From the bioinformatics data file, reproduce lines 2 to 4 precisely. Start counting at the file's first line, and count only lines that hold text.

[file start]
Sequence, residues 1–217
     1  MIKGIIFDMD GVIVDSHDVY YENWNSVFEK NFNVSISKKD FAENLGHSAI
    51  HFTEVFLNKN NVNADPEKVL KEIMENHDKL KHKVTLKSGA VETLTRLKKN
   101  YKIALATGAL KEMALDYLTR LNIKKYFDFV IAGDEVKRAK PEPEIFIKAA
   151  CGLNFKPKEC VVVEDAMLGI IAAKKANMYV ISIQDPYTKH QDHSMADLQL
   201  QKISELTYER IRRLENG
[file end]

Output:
     1  MIKGIIFDMD GVIVDSHDVY YENWNSVFEK NFNVSISKKD FAENLGHSAI
    51  HFTEVFLNKN NVNADPEKVL KEIMENHDKL KHKVTLKSGA VETLTRLKKN
   101  YKIALATGAL KEMALDYLTR LNIKKYFDFV IAGDEVKRAK PEPEIFIKAA